|May 17, 2021|
Inside the Republican Anti-Transgender Machine
|May 13, 2021|
Who Wins in a Meme Stock World?
|May 10, 2021|
Inside the Decision on Trump’s Facebook Fate
Alan Rusbridger led The Guardian through the Snowden revelations and WikiLeaks. Now, he's on the Facebook Oversight Board. He explains how the decision went down.
|May 07, 2021|
‘It’s His Own Damn Fault,’ Frank Luntz Says of Trump and Facebook
|May 06, 2021|
Can Pete Buttigieg Deliver Joe Manchin?
|May 03, 2021|
Why is So Much Money Moving to Miami?
|Apr 29, 2021|
Why Does the C.I.A. Need Puppets?
And where does it get them? The agency’s top technologist Dawn Meyerriecks talks spy gear and why Hollywood and Silicon Valley play a critical role in national security.
|Apr 26, 2021|
The Evolution of Desus & Mero
|Apr 22, 2021|
She's Taking Jeff Bezos to Task
|Apr 19, 2021|
CNN Is in a Post-Trump Slump. What Does That Mean for Don Lemon?
|Apr 15, 2021|
A Public Health Lesson for Ron DeSantis, From Harvard
|Apr 12, 2021|
A 5 O’Clock Shuttle to Mars?
|Apr 08, 2021|
Is Apple's Privacy Push Facebook's Existential Threat?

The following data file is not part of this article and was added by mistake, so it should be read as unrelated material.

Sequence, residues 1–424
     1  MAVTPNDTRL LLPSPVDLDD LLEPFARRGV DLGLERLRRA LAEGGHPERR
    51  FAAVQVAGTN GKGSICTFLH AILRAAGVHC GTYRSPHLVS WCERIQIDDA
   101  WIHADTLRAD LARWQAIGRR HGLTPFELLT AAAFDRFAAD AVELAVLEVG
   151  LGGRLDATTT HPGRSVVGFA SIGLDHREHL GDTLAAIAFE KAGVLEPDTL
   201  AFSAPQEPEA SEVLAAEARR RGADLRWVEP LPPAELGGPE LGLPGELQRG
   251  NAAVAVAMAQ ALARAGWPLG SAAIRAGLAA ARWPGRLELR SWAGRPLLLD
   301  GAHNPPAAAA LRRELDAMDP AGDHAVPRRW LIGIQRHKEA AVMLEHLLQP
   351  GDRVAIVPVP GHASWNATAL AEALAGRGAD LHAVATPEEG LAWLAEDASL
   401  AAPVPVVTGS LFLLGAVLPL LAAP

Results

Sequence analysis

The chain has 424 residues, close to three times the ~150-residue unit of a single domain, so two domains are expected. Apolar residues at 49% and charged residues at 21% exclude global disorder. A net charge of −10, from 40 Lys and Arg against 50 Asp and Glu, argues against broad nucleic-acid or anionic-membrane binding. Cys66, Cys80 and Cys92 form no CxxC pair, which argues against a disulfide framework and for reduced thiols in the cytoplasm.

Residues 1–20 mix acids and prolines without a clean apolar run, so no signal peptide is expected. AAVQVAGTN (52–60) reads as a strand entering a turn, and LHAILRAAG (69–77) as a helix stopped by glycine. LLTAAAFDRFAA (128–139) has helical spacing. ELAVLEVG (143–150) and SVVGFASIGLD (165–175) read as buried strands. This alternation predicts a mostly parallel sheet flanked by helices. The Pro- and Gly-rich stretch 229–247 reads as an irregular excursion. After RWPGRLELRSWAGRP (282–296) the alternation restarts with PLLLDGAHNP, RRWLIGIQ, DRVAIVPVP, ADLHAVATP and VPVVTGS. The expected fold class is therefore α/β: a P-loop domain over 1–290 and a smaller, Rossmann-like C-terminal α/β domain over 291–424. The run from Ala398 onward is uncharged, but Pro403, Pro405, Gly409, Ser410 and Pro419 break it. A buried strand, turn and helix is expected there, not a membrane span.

|Apr 05, 2021|
Why It's Taken Us So Long to Talk About Anti-Asian Racism
|Apr 01, 2021|
Amy Klobuchar vs. Silicon Valley
|Mar 29, 2021|
The Spiritual Teacher Biden’s Campaign Called for Help
|Mar 25, 2021|
What the Heck are NFTs? Let's Ask Beeple.
The artist, whose real name is Mike Winklemann, just sold an encrypted digital collage for $69 million. So are non-fungible tokens the next new asset class, or is it all hype?
|Mar 22, 2021|
Airbnb Has a Hate Group Problem Too
|Mar 18, 2021|
Stop Whining About Big Government
|Mar 15, 2021|
Spike Lee Predicts the Future
|Mar 11, 2021|
I Asked the Head of Space Force What the Agency Has Done for Me Lately
Gen. John Raymond has put up with plenty of mockery. But, he says, there’s nothing funny about protecting U.S. interests from Russian and Chinese anti-satellite technology.
|Mar 08, 2021|
Stacey Abrams on American Idealism and American Betrayal